Kay Helm:

Yeah, that's huge. That's huge. Because I think if we can get just even just that one thing, like forget all the tactics, and the, you know, the how many times I need to post that there's just just shift that mindset. And we would do so much better at raising the funds to do the things that Hello that God has called us to do. So if God has called us to do something that it's worth, it's worth the effort, it's worth making the mindset shift, it's worth doing things that at first are gonna feel uncomfortable. And until we get out there and realize it wasn't as scary as as we thought it was gonna be.

Mary:

Think that we feel like we have to tell all the stories, that we have to tell all the updates all the information, and that's where I want to give you permission to not tell every detail because people just can't consume that much information. So, you know, you got asked, Are you somewhere along the line, you moved into the role that you're in, because piece by piece, you started to see things and you're like, man, I really feel like I'm supposed to be doing this. But nothing ever happened in one moment where it was like, oh, like every you just learned everything about that. Cause you, you know, felt totally compelled to give your life over to that kind of work. Like I mean, it was gradual. It was one story, it was one thing really like, Oh my gosh, this is amazing. I think I want to do this, maybe I should quit my job. Maybe I should eat it. It's like and it's just you're you're slowly growing into that. And that's really what happens with anybody who financially gives to anything, they see something, they start to gradually build a relationship. And I wish I had a magic, you know, you know, potion or whatever it is to tell you that Oh, if you post this on social media this time at this day, and this is gonna be it's like we I have seen God do crazy things where he will like wake people up in the middle of the night and I tell this to all my students. I was like, he wakes you up in the middle of the night and then all of a sudden you get a phone call or you call something you're like I don't know why But I feel like God's telling me that I'm supposed to be a part of what you're doing or I'm supposed to double my donation. I mean, during the Coronavirus I, we have a student who's in South Africa. And we jumped on a zoom call together. And we were talking and he said, he had two people wake up in the middle. God call it said that I'm supposed to double my donation to you, I don't know why I don't know where the money is gonna come from, but I'm supposed to give you and you know what, he didn't do some perfect social media post, he didn't do anything perfect. He just, he made his message we know. And he built relationships, he did all the basics that we're talking about here. And you know, he just don't ever know what's going to happen. I've had some crazy things happen off of silly things that I posted was like that happened. Because of that. It was just like, That doesn't even make any sense. I couldn't ever replicate that if I tried. So so that's why I want to just give everybody permission that you do not have to be perfect. And you don't need to, you know, give all this information in this sequence or this, whatever. It's just, you know, you follow God's lead, you're truly authentic. But you do communicate frequently. Because that's what friends do.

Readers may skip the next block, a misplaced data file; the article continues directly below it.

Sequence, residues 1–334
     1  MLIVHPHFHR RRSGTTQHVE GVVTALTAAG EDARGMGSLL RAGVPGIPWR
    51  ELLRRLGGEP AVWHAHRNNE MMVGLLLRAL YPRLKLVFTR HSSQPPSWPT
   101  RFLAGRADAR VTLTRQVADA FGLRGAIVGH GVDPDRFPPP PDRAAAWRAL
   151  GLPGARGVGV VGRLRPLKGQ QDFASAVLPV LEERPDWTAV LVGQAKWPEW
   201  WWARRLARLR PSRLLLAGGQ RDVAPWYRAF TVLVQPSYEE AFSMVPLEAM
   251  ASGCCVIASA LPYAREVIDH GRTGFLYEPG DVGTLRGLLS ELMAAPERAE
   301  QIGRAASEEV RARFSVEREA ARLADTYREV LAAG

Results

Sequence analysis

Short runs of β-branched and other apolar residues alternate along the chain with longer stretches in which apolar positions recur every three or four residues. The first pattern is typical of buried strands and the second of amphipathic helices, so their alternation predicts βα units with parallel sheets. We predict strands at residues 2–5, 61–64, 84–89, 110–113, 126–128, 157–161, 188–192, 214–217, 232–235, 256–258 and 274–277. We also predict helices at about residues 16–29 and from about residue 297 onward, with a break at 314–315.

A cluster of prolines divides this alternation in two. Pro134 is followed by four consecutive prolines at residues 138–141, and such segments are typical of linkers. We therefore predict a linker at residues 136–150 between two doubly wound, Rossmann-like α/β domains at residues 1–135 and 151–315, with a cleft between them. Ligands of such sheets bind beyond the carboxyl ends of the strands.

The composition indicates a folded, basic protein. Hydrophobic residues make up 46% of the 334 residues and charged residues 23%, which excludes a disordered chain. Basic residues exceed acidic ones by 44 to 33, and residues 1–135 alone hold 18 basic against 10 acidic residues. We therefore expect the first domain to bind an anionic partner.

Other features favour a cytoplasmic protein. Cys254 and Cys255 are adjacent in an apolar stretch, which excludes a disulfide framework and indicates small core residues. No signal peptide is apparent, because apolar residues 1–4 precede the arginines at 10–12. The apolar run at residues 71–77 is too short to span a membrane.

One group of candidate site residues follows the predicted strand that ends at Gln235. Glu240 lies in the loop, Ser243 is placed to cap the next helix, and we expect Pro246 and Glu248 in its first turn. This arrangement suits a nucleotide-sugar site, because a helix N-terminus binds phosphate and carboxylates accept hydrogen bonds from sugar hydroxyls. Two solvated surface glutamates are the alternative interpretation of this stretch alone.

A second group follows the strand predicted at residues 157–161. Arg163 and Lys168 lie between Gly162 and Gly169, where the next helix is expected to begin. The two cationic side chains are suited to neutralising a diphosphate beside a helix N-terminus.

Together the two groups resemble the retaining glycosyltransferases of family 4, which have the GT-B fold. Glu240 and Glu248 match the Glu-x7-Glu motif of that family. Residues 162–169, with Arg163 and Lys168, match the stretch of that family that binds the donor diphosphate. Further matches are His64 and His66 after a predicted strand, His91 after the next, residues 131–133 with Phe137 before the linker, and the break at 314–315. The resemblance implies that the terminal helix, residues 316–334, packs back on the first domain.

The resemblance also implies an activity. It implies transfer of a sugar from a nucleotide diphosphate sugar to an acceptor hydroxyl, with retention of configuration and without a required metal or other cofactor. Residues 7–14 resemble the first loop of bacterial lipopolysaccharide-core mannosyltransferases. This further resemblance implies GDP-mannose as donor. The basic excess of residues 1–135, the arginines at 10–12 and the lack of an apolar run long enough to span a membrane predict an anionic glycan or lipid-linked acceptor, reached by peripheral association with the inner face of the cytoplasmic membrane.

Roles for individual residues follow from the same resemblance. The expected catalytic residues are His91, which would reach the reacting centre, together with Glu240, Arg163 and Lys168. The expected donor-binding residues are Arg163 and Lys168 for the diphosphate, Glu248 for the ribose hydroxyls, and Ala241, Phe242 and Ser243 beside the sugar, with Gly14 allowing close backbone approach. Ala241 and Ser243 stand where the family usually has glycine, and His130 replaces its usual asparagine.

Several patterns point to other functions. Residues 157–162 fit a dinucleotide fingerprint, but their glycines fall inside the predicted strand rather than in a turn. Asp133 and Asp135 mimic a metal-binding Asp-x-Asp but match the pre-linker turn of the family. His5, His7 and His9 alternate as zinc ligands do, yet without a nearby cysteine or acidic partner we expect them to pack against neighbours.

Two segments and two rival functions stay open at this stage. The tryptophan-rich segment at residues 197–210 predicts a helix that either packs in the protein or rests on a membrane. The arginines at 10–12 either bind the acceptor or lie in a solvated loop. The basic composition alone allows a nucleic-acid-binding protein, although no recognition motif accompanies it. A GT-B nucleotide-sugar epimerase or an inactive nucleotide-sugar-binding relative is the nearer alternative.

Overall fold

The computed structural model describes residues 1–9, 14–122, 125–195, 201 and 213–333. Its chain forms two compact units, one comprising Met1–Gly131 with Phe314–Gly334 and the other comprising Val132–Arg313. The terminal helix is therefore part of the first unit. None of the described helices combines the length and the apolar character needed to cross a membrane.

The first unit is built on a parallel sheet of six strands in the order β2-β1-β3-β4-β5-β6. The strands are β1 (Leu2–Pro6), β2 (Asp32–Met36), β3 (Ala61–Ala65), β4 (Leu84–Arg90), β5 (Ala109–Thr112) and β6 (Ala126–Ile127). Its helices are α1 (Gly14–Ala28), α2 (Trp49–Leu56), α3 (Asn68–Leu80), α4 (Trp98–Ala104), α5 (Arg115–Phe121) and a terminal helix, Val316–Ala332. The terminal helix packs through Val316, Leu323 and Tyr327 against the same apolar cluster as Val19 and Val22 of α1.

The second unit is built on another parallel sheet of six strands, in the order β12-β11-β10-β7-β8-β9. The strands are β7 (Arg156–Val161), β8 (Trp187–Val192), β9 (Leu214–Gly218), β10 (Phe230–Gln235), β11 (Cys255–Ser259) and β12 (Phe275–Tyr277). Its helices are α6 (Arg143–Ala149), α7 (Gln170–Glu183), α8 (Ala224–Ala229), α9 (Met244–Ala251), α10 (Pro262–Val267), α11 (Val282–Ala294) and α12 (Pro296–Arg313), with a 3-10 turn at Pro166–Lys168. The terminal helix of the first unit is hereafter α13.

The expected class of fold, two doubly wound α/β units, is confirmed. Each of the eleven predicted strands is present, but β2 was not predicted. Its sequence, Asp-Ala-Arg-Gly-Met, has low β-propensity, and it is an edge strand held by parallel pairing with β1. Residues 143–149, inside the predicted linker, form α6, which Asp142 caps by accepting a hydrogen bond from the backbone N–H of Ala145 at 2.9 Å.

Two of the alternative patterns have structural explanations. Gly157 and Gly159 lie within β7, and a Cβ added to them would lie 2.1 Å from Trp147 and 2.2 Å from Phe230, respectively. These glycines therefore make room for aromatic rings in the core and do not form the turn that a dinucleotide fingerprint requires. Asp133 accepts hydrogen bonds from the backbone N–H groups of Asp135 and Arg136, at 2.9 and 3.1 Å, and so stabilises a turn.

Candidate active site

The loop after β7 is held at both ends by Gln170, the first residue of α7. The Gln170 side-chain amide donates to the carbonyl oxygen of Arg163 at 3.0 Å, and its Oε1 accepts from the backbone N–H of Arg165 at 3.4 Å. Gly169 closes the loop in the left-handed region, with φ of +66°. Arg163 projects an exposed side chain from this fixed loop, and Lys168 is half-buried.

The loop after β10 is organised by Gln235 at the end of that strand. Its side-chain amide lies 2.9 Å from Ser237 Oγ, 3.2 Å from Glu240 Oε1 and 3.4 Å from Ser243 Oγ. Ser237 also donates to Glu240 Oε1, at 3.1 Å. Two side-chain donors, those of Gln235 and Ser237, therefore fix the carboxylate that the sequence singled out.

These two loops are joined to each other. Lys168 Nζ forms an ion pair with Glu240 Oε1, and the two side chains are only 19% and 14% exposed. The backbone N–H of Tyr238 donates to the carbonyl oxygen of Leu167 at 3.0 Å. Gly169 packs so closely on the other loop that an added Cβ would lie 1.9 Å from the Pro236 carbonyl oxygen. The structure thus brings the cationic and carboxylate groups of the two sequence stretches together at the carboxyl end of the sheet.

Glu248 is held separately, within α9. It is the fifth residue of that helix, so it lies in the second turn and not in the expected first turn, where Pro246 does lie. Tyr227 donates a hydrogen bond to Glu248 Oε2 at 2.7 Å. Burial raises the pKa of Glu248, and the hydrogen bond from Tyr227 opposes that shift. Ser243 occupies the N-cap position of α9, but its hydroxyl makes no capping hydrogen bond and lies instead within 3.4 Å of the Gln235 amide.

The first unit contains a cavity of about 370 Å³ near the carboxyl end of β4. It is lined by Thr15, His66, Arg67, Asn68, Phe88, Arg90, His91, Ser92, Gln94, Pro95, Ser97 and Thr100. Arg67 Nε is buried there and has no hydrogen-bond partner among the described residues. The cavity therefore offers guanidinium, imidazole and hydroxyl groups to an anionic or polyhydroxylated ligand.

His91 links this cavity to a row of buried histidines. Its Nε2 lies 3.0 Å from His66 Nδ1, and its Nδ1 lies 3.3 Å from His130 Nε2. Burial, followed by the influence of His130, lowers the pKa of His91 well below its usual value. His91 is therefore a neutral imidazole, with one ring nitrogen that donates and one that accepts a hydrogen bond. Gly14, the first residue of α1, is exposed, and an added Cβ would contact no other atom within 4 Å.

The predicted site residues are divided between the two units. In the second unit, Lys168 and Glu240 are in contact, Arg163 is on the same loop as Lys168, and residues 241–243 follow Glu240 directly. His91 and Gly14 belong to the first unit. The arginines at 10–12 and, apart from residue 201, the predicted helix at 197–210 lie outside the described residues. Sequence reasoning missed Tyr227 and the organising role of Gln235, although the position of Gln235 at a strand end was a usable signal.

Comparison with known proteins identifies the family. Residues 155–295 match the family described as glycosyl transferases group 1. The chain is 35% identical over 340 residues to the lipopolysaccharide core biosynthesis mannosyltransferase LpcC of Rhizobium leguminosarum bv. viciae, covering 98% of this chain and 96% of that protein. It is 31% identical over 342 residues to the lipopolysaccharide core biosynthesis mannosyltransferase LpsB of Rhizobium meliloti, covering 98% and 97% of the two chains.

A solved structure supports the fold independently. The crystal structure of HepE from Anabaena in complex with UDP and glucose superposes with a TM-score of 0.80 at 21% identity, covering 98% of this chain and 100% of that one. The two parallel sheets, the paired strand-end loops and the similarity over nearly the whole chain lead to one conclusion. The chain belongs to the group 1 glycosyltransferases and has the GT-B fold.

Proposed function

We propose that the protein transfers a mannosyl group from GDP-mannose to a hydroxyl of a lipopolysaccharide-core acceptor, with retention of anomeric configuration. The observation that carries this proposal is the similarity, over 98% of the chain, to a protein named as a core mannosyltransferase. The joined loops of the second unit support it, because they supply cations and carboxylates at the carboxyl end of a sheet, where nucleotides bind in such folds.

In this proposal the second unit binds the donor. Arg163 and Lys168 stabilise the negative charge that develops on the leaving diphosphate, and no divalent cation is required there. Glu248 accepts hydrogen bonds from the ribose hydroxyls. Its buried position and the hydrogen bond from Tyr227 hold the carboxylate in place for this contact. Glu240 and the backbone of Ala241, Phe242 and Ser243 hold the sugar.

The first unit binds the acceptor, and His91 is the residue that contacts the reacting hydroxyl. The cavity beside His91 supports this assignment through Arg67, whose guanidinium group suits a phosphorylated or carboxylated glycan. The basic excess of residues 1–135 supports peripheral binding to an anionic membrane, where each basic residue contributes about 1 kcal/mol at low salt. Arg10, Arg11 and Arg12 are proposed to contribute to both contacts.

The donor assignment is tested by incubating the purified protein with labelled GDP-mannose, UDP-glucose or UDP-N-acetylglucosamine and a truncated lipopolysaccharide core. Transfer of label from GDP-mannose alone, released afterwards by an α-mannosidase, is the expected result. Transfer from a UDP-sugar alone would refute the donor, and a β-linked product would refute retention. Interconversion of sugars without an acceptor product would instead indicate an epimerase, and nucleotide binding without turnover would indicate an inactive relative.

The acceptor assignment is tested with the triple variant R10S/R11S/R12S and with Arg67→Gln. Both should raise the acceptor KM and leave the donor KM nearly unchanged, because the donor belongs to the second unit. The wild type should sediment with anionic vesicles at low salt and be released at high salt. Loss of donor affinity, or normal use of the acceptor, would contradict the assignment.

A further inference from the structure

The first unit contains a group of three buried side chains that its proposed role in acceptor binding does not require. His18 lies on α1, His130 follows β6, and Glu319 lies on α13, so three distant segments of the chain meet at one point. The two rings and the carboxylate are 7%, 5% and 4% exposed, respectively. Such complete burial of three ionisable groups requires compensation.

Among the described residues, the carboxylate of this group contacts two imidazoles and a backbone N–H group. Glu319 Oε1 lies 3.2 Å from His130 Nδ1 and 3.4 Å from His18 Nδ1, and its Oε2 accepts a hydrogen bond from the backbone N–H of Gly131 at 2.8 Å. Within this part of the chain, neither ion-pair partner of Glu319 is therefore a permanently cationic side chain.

Kay Helm:

That that's I love it. Because that's what friends do. Yeah, that's, that's all you need to remember out of this, about this podcast today. Right? just communicate, because that's what friends do. That's how you that's how you raise money.

Mary:

That's right. And like this, I mean, you and I have known each other for a couple of years. But every now and again, you just pop into somebody's Facebook, you know, feed and every now and you're like, Hey, hey, you want to come to this you want to do and I do the same with you? Hey, we're hosting this workshop, you want to come? Like, you know, at any point, you can say no, I don't want to go. Okay, like, that's fine. No hurt feelings. If you don't come to something that I invited you to Oh, well, I hosted that birthday party, oh, Caden show to the birthday party. Now I'm going to just sit and feel like the most awful person ever. It's like no, like, no friends, you don't go to everything. Like you continue to invite you continue to, you know, tell them about the great stuff that's happening. And sometimes they are free and available. And they're like, yeah, I'll show up to that party. Okay, great. You know, so anyways, I just think if we really kind of dumb this down a little bit back to just, this is just human behavior, and how we're wired to do life together. And so people are going to lean in, if you're really clear, and you can tell your message well, so I do encourage people obviously, just know what you want. And then just go ask for it. Like, you know, I mean, nothing's, you can just knock on as many doors and just say, you know, what, we're trying to do this thing. And I don't know, if you want to be a part of it or not, but I just want to make sure that you know that you're invited.

Kay Helm:

Yeah. And to be invited to.

Mary:

And then you can say no, and or Yes. And be like, Oh, I was chosen. They thought about me, you know, that feels really, it feels really good. So anyway, yeah. But yeah, back to Yeah, we just need to do what friends do. And that's, that's really what it all comes down to.

Kay Helm:

Yeah, that's for sure. All right. Thank you for saying yes. To my invitation to be on the

Mary:

show. Thank you for saying Yes. Did you already my fully funded Academy? So it was beautiful. Yeah. And I mean, and if people, you know, if you're sitting there and you're like, I don't know how to raise money, I don't know how to do any of this. Reach out to me, I want to be your friend. I would be happy to help walk with you. And I think back to, you know, sometimes you just need to know that somebody else has already done it. You know, and once you know, like, Oh, I'd love to run that marathon. Well, I've never run it before well find somebody who's run it. magically, it just won't be that hard. So, you know, I've raised a lot of money, I raise millions and millions of dollars. And so I there's a process and it's not hard. It doesn't cost you a lot of sleep. So I'd be happy to teach you how to do that.

Kay Helm:

Yeah, she's an awesome teacher. And I will have the links where you can connect with Mary on the show notes at life and mission calm. And so Mary, thank you so much. Yeah, I

Unknown:

thank you. I

Mary:

appreciate it. And good luck to all of your listeners and whatever. I know that you guys are all a part of incredible charities, regardless of whether you're running them or not. So thank you for the investment that you guys make in those ministries and organizations. So thanks. Thanks, Kay.

Kay Helm:

It's always great to talk with Mary Filoni, and it's no wonder that this has been one of the more popular episodes of the life admission podcast. So if you would like more information about Mary Villone, you can go to Mary vilonia comm or also to fully funded academy.com. And that's the fundraising program for missionaries. If you would like some personal attention from me and helping you go through the fully funded program, you can go to fully funded academy.com slash Kay Helm, that's k YHL m because I am a fully funded certified coach. So until two weeks from now when we have another new episode, this has been the life admission podcast. I'm Kay Helm, find your voice, tell your story. Change the world.